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An Army man – Hawa Singh was a task master.

Sangwan remembers that tough training methods of Hawa Singh Sir had made him to run away from the SAI hostel and return home convinced that he would never be a boxer.

Remembering his training days Sangwan tells “He (Hawa Singh) had his training in the Army style, and was obsessed about making us run on concrete tracks for half the day. We used to wear those cheap white PT shoes that everyone wore those days and the soles of our feet would be full of blisters by the end of the day. My calf muscles would ache and I was barely able to stand straight. But just then he would ask us to start training. I had enough and decided to run away. But somehow he found his way to my house – which was in Bhiwani at the time – and came and spoke to my father, whom he knew distantly. Then he came to me and told me that he understood what I was going through, but ‘tu chhod ke mat jaa, tu bada boxer banega.’

Sangwan quickly became Hawa Singh’s favourite student. And that led to Sangwan getting, probably, the best of what the master had to offer. Sangwan brought home four international gold medals, including the gold medal at the 1994 Asian Championships in Tehran.

Source  Bhiwani Junction: The Untold Story of Boxing in India,

Hawa Singh – The Founder Of Bhiwani Boxing Club

When the boxing legend retired, he didn’t move away from the sport. But he established  The Bhiwani Boxing Club for training and development of aspiring boxers.

The Bhiwani Boxing Club produced champions like Vijender Singh, Akhil Kumar and Jitender Kumar.

Awards & Honors for Hawa Singh 

  • Arjuna Award in the year 1966.
  • The Best Sportsman Trophy from the Chief of the Army Staff in the year 1968.
  • Dronacharya Award  from the Government of India in the year 2000,

Lesser Known facts of  Captain Hawa Singh

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Can India get a Double Asian Games Gold Medallist after Hawa Singh?
  • Hawa Singh had a dream to go to the Olympics to face the Muhammad Ali, which remained unfulfilled thanks to political issues.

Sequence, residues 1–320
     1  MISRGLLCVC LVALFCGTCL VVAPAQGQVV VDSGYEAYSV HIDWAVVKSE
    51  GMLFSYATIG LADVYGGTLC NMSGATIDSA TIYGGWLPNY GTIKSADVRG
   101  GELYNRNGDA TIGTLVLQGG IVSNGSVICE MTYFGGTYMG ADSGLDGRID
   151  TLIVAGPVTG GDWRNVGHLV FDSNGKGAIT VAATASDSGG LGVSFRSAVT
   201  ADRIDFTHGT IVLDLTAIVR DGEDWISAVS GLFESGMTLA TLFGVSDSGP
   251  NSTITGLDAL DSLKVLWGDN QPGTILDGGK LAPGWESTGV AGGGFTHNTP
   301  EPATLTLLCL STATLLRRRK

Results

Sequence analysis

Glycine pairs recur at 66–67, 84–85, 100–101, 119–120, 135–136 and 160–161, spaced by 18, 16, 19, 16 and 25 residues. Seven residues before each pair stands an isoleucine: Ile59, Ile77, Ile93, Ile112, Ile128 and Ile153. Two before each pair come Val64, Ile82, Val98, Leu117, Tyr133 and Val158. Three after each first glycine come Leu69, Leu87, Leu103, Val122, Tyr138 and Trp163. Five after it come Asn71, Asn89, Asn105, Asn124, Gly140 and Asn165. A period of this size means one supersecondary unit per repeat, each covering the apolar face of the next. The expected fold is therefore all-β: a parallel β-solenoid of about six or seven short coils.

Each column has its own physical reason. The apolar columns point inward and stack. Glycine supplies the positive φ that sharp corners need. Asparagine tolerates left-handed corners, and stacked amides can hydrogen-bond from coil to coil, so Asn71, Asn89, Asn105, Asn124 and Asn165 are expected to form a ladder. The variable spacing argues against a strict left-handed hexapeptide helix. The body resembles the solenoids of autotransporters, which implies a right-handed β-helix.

• He passed away just 15 days before he was supposed to receive Dronacharya Award from the President of India. His wife, Angoori Devi received the coveted award on his behalf. 
  • A biopic is planned with John Abraham as Captain Hawa Singh.
  • He died suddenly in Bhiwani on 14 August 2000 at the age of 62 years.

Our tribute to Captain Hawa Singh, the man who taught Bhiwani, and India , how to box.

Future of Indian boxing :Is boxing the new cricket?

Vijender’s Olympic medal changed everything,” says coach Jagdish Singh. Jagdish runs the Bhiwani Boxing Club after death of Captain Hawa Singh.

“Suddenly the media’s focus turned to boxing. Newspapers and TV spread the message in small towns and villages. Money started pouring in. Sponsors started showing interest.”

The economics of the sport changed dramatically after the 2008 Olympics. “Where we would get, say, Rs 50,000 from the Haryana government for winning a medal at an international championship, we are now getting Rs 10 lakh,” says boxer Akhil Kumar

The government awarded the former Manipuri boxer Dingko Singh with  Rs 5 lakhs,  after his 1998 Asian Championships victory. Now the award is 10 or 15 times more than that money, for a boxer who wins the Asian Championships .

We hope that financial motivation and dedicated training facilities  brings Olympics medal in boxing and boxing becomes as popular as cricket in India.

But it is a long long way to go……